A new Book by Mats Lewan:
    An Impossible Invention

    • artefact

      “By the way–just as I’m writing these words I’m receiving new information on events that strengthen some pieces of the story in the book, and also some information that add to my doubts regarding certain stakeholders. I cannot tell you more right now, but I will keep you updated in this blog and in the free newsletter of the book.”

      • pg

        Great news

        • georgehants

          artefact, you seem excited, share!!!! 🙂

          • artefact

            Its in quotes. Its from Lewan on the linked blog. I think we will know soon.

      • ecatworld

        Even though Mats was involved in the 2013 Defkalion demo, he still expresses some reservation in the book about taking the demo results at face value.

      • Iggy Dalrymple

        Babcock & Wilcox up almost 4% today…..far bigger increase than GE, Lockheed, United Technologies, etc.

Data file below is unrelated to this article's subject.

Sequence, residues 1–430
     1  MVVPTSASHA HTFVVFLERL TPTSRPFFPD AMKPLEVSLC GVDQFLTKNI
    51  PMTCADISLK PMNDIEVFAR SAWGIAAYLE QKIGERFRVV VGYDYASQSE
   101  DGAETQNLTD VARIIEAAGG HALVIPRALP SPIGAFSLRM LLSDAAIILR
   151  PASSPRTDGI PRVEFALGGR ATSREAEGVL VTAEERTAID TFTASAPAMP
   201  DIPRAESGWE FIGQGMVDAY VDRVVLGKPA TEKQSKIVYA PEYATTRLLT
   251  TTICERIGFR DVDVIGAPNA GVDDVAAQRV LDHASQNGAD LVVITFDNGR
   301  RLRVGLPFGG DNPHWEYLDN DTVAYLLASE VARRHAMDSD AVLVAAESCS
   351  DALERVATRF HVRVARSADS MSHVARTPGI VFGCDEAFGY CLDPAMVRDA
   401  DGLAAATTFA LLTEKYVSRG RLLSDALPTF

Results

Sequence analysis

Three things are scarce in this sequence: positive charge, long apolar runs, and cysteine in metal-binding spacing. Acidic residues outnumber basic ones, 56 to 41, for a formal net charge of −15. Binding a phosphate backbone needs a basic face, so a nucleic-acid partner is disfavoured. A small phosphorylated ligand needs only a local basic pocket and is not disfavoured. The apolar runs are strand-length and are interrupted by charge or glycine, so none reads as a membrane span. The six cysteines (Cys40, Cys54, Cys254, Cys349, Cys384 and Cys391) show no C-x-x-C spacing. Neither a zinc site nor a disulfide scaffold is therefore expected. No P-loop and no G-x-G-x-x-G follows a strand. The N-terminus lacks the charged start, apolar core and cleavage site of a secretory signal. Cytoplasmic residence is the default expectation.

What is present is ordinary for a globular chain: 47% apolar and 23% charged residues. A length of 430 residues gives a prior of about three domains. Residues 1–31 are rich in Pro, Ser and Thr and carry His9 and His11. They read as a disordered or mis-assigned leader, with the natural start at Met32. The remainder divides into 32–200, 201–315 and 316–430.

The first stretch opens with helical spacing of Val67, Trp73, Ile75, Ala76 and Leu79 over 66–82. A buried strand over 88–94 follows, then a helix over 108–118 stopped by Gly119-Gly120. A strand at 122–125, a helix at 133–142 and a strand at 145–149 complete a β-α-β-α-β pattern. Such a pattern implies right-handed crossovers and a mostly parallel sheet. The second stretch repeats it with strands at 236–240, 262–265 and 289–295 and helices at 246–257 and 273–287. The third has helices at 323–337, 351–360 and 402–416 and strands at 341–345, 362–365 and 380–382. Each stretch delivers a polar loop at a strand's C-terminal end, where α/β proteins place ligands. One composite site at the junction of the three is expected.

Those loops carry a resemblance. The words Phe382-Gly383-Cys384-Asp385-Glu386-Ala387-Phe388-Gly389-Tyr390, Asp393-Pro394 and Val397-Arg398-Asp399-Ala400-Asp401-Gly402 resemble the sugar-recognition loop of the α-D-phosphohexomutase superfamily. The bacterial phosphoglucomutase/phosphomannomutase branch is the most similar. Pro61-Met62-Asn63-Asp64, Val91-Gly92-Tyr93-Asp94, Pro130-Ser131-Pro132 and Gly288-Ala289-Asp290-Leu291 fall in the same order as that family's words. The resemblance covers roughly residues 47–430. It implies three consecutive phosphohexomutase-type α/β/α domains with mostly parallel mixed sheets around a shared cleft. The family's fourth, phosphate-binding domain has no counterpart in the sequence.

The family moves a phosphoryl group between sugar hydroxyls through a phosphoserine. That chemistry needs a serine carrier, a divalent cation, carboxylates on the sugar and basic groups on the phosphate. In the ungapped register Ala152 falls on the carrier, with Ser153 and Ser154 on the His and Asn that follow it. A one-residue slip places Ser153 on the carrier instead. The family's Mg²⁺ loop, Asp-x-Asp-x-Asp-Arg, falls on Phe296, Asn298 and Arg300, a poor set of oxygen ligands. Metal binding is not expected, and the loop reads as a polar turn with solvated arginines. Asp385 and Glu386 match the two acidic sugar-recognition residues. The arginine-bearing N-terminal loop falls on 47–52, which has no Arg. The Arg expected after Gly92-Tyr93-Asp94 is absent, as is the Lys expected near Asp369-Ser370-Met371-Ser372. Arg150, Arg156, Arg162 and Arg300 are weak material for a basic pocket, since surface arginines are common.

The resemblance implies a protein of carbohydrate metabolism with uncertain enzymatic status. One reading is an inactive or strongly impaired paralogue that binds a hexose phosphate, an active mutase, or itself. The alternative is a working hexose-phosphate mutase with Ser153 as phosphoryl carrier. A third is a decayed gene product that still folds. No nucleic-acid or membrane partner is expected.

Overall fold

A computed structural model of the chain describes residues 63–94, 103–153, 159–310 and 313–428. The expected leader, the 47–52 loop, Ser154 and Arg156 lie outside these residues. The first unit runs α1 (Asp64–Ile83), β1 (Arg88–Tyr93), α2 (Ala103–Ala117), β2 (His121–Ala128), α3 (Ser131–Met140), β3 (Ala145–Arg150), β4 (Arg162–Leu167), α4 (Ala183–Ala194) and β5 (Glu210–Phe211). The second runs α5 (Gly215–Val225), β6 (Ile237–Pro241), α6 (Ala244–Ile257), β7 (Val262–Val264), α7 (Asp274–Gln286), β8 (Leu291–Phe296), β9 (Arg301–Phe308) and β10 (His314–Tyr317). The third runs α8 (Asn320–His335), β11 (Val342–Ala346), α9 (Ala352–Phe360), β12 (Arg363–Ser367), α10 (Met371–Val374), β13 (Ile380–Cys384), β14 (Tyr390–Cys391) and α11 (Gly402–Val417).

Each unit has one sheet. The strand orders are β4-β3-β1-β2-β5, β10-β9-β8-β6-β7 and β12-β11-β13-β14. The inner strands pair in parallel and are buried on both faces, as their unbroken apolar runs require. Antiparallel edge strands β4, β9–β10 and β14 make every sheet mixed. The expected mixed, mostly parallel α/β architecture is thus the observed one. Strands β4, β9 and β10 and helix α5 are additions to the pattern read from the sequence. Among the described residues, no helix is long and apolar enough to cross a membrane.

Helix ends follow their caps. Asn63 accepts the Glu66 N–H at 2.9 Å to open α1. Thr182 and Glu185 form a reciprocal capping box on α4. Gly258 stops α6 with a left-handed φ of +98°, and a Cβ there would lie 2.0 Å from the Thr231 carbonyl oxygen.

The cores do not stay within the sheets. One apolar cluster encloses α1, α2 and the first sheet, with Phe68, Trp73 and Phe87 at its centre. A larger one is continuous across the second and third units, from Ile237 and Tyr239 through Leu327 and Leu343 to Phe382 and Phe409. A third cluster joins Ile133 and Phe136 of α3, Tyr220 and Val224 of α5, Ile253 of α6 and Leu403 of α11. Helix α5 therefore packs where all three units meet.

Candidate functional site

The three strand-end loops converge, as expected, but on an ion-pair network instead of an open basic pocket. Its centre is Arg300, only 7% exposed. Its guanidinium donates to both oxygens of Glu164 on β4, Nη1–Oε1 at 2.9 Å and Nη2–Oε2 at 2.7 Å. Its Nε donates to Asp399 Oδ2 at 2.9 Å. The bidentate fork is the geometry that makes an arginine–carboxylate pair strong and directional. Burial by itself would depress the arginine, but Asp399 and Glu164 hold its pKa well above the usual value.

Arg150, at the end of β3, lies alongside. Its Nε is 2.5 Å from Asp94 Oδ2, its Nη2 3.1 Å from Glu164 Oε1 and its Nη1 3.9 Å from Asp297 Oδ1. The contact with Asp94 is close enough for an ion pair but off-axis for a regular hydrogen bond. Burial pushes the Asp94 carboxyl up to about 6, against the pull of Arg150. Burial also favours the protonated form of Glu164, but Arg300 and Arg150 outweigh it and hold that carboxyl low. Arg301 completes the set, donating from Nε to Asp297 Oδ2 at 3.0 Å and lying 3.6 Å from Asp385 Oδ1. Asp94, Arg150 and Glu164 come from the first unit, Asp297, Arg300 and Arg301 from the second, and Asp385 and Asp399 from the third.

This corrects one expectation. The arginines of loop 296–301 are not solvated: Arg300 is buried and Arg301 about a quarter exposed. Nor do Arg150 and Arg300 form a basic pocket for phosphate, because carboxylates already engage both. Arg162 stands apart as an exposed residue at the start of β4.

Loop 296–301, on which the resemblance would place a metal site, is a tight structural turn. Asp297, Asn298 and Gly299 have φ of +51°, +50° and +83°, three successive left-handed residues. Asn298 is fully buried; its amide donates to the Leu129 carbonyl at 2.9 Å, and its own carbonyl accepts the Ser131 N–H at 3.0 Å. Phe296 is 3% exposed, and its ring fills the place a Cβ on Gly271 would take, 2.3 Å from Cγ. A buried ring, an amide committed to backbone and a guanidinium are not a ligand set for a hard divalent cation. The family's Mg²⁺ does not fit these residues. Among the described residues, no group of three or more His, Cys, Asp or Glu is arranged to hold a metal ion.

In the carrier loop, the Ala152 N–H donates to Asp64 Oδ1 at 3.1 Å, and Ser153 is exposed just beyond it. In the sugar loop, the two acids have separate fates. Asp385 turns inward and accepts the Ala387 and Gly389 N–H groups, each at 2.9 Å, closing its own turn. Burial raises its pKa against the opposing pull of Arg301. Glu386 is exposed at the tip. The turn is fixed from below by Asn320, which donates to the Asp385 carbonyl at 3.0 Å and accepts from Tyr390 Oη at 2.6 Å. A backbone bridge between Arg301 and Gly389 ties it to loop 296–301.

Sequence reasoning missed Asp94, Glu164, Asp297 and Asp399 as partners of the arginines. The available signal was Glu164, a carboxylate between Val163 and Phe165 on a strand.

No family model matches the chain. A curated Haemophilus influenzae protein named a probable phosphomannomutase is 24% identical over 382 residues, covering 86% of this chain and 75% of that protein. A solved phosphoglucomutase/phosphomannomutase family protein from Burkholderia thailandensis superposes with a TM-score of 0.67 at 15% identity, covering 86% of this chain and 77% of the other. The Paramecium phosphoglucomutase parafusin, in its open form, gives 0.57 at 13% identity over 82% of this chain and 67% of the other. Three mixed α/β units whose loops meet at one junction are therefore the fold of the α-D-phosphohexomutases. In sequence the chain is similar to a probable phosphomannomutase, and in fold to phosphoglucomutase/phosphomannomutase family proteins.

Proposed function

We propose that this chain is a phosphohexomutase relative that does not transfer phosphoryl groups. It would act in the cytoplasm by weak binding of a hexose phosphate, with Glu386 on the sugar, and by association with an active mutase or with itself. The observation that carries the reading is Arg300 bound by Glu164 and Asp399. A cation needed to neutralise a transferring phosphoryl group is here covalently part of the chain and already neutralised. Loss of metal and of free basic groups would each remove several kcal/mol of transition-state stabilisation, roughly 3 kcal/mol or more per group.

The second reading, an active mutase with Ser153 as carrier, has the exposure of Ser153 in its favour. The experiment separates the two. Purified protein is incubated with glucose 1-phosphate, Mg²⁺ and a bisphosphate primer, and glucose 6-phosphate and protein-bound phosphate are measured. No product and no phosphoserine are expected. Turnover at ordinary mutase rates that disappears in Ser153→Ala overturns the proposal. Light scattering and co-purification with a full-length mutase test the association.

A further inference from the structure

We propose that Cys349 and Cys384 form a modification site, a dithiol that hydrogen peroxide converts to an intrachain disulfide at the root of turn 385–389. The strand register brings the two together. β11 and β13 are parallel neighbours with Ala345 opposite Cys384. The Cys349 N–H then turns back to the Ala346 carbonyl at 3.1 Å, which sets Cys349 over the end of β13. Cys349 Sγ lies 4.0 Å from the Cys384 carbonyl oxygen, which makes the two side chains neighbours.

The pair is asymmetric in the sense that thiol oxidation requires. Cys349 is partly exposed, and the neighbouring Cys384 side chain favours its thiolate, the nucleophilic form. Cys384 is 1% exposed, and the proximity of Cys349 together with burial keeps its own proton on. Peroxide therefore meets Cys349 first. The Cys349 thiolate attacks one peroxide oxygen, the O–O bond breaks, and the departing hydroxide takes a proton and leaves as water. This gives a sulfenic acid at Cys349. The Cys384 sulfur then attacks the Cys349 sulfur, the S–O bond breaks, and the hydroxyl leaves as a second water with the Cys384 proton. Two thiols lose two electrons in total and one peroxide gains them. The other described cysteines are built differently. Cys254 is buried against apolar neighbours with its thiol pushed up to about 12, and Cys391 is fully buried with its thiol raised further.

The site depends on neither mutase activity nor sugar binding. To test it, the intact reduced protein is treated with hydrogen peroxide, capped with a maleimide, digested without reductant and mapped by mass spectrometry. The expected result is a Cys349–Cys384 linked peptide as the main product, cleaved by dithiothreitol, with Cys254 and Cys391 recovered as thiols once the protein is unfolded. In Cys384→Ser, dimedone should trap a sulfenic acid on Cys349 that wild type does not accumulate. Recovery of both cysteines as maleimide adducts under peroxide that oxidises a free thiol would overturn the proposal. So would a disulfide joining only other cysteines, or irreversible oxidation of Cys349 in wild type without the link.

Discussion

Probably a coincidence.

  • georgehants

    Another major piece of scientific Dogma falls apart, time to consult the holy priests -again!
    Science dailyNanoparticle trapped with laser light temporarily violates second law of thermodynamics
    March 31, 2014University of Viennabjects with sizes in the nanometer range, such as the molecular
    building blocks of living cells or nanotechnological devices, are
    continuously exposed to random collisions with surrounding molecules. In
    such fluctuating environments the fundamental laws of thermodynamics
    that govern our macroscopic world need to be rewritten. Scientists found
    that a nanoparticle trapped with laser light temporarily violates the
    famous second law of thermodynamics, something that is impossible on